We always love re-reading Fred's descriptions of the various regions because he provides so much more rich information than just their best dishes. Regarding Emilia-Romagna and more specifically, Bologna, I think it best to begin by sharing Fred's loving impressions.
In contrast with Tuscany, whose bucolic scenery belies centuries of conflict and rivalries..where even to this day there are tensions between the citizens of Florence and Siena, the prevailing debate among the cities of Emilia-Romagna tends towards which has the best food! The region is mostly overlooked by tourists, other than the Riviera di Romagna beach stretching along the Adriatic. Like most of the region, the hard-working, productive, open-hearted and fun-loving citizens of Bologna welcome tourists with friendly enthusiasm without catering to tourist tastes in any way. The city offers a civic wholeness that demonstrates life in Italy more purely than the popular tourist destinations.
|Locals out on a fall Saturday afternoon|
|Hanging out in the Piazza Maggiore in front of the Palazzo d'Accursio - Town Hall|
Emilia-Romagna produced Pavarotti and Fellini, but also Mussolini, despite which fact the region has a strong anti-fascist history. While Bologna was the center of the Italian Communist Party - later the Democratic Party of the Left - the post WWII leaders wisely blended the best from socialist thought and the highest ideals of democracy..."to produce a society where every citizen was cared for, but was free to do and say whatever he pleased." The live-and-let-live attitude here would never tolerate totalitarianism. The populace values a high bourgeois standard of living - fine clothes, fine homes, fine food.
We observed this Communist protest in the Piazza Maggiore against moves towards privatization. "The PD wants to sell this city," the banner says. The event included a festive, beer-on-tap conviviality and went far into the evening with live music and dancing! We observed it over the hours as we passed through.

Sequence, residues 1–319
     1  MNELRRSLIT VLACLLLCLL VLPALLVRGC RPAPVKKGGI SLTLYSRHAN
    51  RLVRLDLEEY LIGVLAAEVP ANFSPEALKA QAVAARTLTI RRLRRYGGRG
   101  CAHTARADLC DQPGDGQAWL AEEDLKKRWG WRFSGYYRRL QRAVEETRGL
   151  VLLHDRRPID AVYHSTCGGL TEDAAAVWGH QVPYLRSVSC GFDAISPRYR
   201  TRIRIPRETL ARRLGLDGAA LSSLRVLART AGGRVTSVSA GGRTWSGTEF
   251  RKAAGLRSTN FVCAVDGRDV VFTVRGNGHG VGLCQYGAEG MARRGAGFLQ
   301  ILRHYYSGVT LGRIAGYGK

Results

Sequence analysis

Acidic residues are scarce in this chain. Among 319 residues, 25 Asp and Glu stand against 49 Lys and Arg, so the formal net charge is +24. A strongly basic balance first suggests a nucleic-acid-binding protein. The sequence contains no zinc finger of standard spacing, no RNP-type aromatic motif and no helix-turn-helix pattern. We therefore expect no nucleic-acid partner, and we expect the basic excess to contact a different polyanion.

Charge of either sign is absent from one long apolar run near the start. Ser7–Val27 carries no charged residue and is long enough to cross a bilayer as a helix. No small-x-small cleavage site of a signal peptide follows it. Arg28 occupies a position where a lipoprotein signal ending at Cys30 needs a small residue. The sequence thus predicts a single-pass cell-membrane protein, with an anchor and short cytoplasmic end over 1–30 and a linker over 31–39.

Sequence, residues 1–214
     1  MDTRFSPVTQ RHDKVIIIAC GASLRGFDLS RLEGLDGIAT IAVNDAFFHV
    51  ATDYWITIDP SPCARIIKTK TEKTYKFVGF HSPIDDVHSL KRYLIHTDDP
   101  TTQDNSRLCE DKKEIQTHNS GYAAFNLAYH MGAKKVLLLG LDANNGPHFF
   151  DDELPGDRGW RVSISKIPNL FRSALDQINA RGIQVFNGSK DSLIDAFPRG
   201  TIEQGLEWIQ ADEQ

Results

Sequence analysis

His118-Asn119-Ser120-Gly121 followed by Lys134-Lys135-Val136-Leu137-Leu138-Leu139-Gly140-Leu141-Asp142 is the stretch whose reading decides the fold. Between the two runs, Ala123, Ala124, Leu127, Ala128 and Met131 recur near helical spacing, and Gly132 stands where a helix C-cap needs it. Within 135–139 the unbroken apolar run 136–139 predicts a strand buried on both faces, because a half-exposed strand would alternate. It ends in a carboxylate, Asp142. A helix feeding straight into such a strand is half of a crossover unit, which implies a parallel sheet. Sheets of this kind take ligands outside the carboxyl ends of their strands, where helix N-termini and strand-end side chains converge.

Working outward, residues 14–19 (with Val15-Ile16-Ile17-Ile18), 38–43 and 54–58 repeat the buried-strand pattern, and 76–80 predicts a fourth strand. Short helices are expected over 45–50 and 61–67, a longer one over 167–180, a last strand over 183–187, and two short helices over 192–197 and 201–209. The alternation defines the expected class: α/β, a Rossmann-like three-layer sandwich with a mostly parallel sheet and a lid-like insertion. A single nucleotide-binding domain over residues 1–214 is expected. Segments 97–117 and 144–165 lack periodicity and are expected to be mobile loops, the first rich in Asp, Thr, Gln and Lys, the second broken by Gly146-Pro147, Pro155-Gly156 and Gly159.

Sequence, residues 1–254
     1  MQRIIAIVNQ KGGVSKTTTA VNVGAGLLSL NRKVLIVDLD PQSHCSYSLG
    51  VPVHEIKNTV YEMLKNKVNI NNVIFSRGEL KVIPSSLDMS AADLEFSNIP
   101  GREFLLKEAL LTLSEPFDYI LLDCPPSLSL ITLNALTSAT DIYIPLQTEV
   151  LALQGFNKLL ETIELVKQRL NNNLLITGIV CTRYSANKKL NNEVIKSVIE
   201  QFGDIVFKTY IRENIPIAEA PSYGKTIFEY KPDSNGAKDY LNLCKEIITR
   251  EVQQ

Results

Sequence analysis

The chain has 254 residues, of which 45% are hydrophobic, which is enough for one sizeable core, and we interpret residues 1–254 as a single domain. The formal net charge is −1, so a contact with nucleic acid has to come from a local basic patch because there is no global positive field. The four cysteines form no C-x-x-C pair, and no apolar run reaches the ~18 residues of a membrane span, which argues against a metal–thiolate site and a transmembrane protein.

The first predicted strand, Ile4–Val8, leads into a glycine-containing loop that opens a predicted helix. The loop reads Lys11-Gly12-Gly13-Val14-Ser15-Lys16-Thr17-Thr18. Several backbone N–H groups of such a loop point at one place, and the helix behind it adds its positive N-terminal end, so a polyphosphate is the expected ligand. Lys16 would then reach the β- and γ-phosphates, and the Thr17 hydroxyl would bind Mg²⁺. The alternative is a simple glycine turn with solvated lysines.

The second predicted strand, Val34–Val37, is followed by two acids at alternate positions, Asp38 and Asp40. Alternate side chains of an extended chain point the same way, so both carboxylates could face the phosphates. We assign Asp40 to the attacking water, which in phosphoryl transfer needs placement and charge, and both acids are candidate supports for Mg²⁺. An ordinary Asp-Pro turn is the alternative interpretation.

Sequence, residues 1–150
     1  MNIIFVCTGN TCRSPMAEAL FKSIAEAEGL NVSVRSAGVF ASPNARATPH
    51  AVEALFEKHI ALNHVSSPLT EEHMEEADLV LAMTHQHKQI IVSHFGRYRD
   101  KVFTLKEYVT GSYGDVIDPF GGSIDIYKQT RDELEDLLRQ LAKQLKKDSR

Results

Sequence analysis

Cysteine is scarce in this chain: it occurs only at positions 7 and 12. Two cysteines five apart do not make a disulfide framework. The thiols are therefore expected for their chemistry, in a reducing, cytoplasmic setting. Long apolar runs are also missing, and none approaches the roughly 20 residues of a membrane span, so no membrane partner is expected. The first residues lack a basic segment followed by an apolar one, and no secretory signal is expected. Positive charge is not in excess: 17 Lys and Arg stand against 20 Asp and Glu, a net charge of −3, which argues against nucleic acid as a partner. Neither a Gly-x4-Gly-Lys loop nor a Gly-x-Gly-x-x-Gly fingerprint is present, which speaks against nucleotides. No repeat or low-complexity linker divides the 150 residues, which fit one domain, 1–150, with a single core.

Newton and I caught a train to Bologna from Florence to revisit for a weekend after some years. We stayed in a well-located Airbnb. All of our time was spent walking for miles and eating! Our favorite meal was lunch at Fred's recommended Trattoria Caminetto d'Oro. He says that it would be the best restaurant in many cities, though the standard is higher here. I have not eaten much pasta for fourteen years of a low-carb diet, but I was determined to try the region's famous Tortellini in Brodo (in broth). In Bologna, the small tortellinis are stuffed with turkey, veal, ground pork, mortadella, prosciutto crudo, nutmeg, and Parmigiano-Reggiano (the real thing, no sawdust extenders, as has been reported in the US!). The broth is sublime. They also had a lovely rosé, my current favorite, which was not commonly found on this trip. We had the chance to taste the fine aged Balsamic vinegar on ice cream for dessert!
|The porticoes were later handy on our rainy Sunday|
Bologna is associated with the color red for both the hues of its medieval buildings and porticoes and its Communist tradition!
|Basilica di San Petronio|
|The high-flying nave|
We shopped for my birthday request: bright red boots. I exhausted all possibilities in Florence and found only dark red or flat boots. Alas, I found the pair waiting for me along the Via Ugo Bassi: bright red suede with fuchsia rubber soul and heel. Oh...they were made in Spain!
We wandered to a Saturday market just closing up in a piazza, so joined the droves of locals settling along the portico bars for aperitifs and free hors d'oeuvres.
|The Garisenda Tower|
On our way back we caught this magical light in a corner portico of the Piazza di Porta Ravegnana. Timeless.
|Mercato di Mezzo|
We marched pretty far to reach Fred's recommended gelato: La Sorbetteria. I had the dark chocolate, Newton the milk chocolate.
|The incomparable Tamburini shop|
Our last stop was the food purveyor that Fred considers the finest in Italy: Tamburini. The old family-run shop prides itself on following the ancient traditions of farmers, "closer to the rhythms and dictates of nature...without short-cuts, without additives, and with love." We bought my revered finocchiona - salami made with fennel - and some impeccable cheese.
On the chilly way home we picked up bread, fruit and wine for a cozy dinner of perfect salami and cheese!
We were off in a rental car the next morning back to Tuscany, to the lovely hilltop town of Montalcino.